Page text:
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Caucasus Rugs Are As Geometric As Geometry
About 1500 B.C. Egypt's Sesostris with his wagons of loot and his captives from Asia and India, galloped back through the Caspian Gates near present Teheran, turned north, and side-swiped the Caucasus. There, in Colchis, he left some weak and halt soldiers with their Indian captives to hoard as heirlooms the army road maps marked on boards, and cling to the ways of their homeland.
These, and other ancient army drag and lost tribes, taking refuge in the taller-thanthe-Alps mountains which fenced Europe from Asia, preserved their tribal signs and symbols in the many angled patterns
Bible maps show Cush, son of Noah, held Caspian land from the river Araxus to the Terek. Cyrus and his fire worshipers pushed the Persian Empire to Derbent (The Gates), where Alexander's men in turn built walls, gates and towers between mountains and sea to keep out the Northern barbarians. But the Cossaks (Kazaks) slipped through Dariel pass and settled south of the mountains.
China conquested toward the Caspian and the Caucasus adopted the Chinese sunwhorl, endless knot, and nine direction octagon--center, and the usual cardinal points. The Romans and Byzantines brought the cross and mosaic altars. The Arabs and Turks spread the prayer rug and Turkish knot. And Genghis Khan's golden tent spilled yellow through Caucasian rugs.
Colors and Patterns of Caucasian Rugs
Colors are clear, bold and harmonious in these rugs of the Caucasus. They include the deep blue of Persia, turquoise of Turk and Russian, reds of Turk and Turkoman, yellow of China and the Mongols, Indian or madder pink, and nature's green. Caucasian greens are very beautiful. Ivory and white everywhere, even used for the field of many Daghestan rugs, help produce a blending of colors. So does the ubi-. quitous latch hook.
This latch hook, an arm of the sun whorl or swastika, much like a square fish hook, is called the "mark" of Caucasian rugs. It surrounds all pattern, softening the bold angles. It reaches from one pattern into another, blending the designs, blending the colors, breaking up solid masses.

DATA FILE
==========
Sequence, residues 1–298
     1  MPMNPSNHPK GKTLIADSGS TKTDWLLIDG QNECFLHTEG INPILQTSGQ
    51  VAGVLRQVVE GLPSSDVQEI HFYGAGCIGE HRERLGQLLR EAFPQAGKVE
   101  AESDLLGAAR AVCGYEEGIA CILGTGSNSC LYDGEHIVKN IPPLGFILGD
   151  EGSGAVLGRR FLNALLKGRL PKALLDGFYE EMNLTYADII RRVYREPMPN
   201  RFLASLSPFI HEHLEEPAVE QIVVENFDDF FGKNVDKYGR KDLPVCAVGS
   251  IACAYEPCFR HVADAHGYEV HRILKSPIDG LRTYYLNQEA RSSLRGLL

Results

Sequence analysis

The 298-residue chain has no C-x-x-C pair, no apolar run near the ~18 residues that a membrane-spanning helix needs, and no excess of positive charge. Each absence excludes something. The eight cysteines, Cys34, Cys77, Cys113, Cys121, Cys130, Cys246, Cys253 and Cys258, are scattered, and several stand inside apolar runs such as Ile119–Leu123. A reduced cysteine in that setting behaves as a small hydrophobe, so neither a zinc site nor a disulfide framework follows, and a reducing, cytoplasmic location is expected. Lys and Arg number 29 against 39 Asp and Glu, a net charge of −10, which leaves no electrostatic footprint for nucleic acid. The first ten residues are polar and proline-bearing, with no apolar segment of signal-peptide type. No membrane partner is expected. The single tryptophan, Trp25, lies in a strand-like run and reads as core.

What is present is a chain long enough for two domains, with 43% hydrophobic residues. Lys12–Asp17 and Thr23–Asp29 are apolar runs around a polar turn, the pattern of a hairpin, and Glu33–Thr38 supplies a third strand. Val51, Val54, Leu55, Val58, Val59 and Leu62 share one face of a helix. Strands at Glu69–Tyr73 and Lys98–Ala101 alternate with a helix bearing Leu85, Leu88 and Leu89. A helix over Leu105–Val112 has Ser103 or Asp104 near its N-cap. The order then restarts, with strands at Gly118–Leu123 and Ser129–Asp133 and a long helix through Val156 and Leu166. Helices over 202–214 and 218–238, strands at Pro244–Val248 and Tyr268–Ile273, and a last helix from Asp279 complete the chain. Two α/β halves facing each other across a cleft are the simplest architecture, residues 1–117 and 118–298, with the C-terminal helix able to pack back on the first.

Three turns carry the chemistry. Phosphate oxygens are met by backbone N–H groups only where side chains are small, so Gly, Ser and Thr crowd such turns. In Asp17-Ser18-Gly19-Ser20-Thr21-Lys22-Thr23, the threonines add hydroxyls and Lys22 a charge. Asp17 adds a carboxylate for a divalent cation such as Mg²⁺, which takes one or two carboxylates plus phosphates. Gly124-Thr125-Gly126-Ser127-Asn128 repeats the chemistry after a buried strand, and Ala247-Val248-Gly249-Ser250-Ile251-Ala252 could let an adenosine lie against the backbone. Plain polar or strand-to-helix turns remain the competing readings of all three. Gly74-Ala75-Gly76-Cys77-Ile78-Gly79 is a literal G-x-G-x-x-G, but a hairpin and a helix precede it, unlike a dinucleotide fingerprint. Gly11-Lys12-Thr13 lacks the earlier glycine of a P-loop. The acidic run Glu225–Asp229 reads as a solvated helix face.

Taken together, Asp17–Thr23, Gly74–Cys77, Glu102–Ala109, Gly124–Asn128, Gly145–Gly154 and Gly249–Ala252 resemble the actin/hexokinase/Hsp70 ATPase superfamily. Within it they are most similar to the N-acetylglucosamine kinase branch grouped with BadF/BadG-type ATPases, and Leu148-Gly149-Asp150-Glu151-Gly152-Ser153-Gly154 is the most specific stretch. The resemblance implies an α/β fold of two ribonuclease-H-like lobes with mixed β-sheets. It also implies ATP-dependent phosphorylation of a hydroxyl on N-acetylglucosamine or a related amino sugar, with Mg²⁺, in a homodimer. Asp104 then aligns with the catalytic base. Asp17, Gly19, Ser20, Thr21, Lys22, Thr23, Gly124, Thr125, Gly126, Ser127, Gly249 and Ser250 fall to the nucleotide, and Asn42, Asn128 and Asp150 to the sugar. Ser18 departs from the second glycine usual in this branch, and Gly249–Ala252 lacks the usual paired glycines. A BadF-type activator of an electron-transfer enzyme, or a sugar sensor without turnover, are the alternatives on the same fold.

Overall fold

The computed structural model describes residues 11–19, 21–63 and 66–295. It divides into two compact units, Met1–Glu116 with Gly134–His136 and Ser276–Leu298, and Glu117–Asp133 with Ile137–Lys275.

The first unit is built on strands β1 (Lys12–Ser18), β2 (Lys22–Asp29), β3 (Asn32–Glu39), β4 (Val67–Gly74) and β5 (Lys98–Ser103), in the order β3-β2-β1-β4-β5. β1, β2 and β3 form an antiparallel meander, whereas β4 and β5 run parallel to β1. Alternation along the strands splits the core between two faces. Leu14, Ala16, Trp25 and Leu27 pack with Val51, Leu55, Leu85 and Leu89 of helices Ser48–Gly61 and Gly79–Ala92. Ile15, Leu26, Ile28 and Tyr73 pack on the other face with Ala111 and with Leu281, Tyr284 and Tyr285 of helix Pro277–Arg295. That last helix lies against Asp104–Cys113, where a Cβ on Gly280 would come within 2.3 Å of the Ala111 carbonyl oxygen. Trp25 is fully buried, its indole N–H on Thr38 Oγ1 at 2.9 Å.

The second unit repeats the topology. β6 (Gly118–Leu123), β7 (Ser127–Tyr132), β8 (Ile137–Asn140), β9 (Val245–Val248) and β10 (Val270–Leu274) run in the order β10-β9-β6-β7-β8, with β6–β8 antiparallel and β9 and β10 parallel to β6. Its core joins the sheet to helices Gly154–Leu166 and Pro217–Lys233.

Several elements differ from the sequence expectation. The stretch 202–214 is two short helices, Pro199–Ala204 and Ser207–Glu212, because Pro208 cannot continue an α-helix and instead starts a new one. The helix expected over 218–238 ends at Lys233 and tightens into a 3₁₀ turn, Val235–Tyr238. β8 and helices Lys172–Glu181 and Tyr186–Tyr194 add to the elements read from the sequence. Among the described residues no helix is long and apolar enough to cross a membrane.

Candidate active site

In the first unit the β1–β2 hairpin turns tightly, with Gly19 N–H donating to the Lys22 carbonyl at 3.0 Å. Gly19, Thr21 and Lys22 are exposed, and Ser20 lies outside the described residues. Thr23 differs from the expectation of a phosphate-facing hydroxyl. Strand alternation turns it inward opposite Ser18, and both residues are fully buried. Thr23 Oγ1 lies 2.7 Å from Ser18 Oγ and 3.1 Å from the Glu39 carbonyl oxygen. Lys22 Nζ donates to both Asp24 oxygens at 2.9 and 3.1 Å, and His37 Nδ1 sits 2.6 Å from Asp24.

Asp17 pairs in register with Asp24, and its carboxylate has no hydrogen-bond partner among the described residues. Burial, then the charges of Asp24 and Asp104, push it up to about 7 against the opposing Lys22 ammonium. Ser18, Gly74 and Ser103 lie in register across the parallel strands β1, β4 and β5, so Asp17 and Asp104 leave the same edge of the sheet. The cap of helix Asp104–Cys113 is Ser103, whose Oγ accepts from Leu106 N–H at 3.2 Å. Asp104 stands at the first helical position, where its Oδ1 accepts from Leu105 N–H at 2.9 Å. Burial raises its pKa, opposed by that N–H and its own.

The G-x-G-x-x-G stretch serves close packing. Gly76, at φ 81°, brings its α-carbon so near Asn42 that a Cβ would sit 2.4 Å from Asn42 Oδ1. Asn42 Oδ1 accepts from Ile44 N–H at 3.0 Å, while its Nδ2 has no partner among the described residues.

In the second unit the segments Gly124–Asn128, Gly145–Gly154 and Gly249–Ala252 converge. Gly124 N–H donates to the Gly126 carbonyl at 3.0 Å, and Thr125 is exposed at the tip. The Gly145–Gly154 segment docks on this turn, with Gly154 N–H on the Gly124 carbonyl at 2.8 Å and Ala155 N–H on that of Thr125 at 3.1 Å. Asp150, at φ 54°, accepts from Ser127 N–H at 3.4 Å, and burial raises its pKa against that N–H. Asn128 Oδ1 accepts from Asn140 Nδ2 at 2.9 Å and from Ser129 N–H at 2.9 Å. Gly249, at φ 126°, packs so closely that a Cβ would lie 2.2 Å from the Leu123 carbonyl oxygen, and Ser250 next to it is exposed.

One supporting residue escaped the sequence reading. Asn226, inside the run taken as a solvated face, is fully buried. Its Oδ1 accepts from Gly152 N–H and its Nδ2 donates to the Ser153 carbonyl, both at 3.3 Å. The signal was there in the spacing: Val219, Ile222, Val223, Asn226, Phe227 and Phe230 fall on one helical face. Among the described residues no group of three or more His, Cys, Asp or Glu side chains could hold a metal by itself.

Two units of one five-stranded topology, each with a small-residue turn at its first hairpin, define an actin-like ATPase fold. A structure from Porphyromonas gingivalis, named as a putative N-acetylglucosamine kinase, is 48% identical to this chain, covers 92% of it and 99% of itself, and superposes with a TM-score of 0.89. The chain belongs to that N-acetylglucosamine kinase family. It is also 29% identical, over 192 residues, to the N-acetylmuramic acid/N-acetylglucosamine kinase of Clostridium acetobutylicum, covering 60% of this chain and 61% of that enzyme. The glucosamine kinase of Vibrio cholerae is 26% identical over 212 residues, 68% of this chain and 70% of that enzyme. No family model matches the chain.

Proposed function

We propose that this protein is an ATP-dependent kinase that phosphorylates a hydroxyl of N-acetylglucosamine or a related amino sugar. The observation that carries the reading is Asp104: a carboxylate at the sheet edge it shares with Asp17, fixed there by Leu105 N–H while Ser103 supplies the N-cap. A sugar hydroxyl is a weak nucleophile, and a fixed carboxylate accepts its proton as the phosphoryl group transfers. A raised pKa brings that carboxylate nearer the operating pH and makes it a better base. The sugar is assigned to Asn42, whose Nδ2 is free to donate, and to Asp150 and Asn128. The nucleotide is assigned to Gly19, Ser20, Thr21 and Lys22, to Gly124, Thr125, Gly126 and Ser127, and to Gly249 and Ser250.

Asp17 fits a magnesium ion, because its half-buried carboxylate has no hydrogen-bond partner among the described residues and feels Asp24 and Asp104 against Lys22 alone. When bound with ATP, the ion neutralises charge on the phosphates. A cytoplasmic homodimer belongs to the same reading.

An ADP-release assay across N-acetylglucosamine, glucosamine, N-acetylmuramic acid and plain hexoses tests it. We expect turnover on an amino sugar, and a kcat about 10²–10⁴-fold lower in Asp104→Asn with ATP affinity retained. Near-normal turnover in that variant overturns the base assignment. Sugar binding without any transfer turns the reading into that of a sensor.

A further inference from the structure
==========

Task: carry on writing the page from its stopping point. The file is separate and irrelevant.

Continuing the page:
These solid masses are almost always triangular, or can be broken down into triangles, for the triangle too is called the "mark" of the Caucasus. But stars, effulgent and elongated; octagons, squares and diamonds, great crosses with two arms pointed and two rectangular, and other geometrical cousins, appear on these rugs in ordered pattern or scattered like dropped blocks in a child's play pen. All flowers are made of angles. Stems are blocky. Leaves have angular edges.
History in Caucasian Rug Patterns
David's six pointed star from Israel and Cush, revitalized by Mohammedan sword from Arabia, is as common as the eight pointed star of the Medes and Persians. The lattice field of Southern Persia shows often in old rugs. Rectangles, one above the other, and almost touching, fill the field of many a Shirvan.
Spaced geometrical figures in the old rugs indicated tribal seating for host and guests. But now geometrical figures fill fields and make up many borders. So does the reciprocal trefoil, characteristic of Daghestan rugs, some say a plant form, others say it represents head and shoulders of galley boat rowers. Also typical is the reciprocal saw tooth (rat tooth) border, seen on Chinese bronze mirrors from centuries B.C.
The Persian flame, with its tip reaching out into a latch hook, fills many a field. The triangle of piled fagot ends from Zoroastrian fire altars may show between the flowering trees of Daghestan prayer rugs.
The "stemmed wine cup" may be the Egyptian lotus; and the flower between sets of four blocky leaves, the Persian rosette, both adapted to Caucasian borders.